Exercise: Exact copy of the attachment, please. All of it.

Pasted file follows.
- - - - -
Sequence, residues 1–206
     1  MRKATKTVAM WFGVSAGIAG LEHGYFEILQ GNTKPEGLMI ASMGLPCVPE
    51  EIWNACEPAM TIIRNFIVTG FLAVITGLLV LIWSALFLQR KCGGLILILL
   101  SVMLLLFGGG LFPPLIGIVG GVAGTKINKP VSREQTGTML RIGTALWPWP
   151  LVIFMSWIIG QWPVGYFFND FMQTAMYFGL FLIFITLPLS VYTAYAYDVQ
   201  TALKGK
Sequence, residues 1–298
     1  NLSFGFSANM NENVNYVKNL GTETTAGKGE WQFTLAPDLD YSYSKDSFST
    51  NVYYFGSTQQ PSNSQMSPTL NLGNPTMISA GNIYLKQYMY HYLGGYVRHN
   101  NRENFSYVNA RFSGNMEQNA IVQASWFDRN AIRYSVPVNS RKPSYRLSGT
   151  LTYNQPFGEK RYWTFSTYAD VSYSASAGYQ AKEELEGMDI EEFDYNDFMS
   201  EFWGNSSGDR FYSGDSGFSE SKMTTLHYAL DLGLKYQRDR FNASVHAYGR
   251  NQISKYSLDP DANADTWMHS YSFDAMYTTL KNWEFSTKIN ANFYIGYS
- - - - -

Sequence, residues 1–206
     1  MRKATKTVAM WFGVSAGIAG LEHGYFEILQ GNTKPEGLMI ASMGLPCVPE
    51  EIWNACEPAM TIIRNFIVTG FLAVITGLLV LIWSALFLQR KCGGLILILL
   101  SVMLLLFGGG LFPPLIGIVG GVAGTKINKP VSREQTGTML RIGTALWPWP
   151  LVIFMSWIIG QWPVGYFFND FMQTAMYFGL FLIFITLPLS VYTAYAYDVQ
   201  TALKGK
Sequence, residues 1–298
     1  NLSFGFSANM NENVNYVKNL GTETTAGKGE WQFTLAPDLD YSYSKDSFST
    51  NVYYFGSTQQ PSNSQMSPTL NLGNPTMISA GNIYLKQYMY HYLGGYVRHN
   101  NRENFSYVNA RFSGNMEQNA IVQASWFDRN AIRYSVPVNS RKPSYRLSGT
   151  LTYNQPFGEK RYWTFSTYAD VSYSASAGYQ AKEELEGMDI EEFDYNDFMS
   201  EFWGNSSGDR FYSGDSGFSE SKMTTLHYAL DLGLKYQRDR FNASVHAYGR
   251  NQISKYSLDP DANADTWMHS YSFDAMYTTL KNWEFSTKIN ANFYIGYS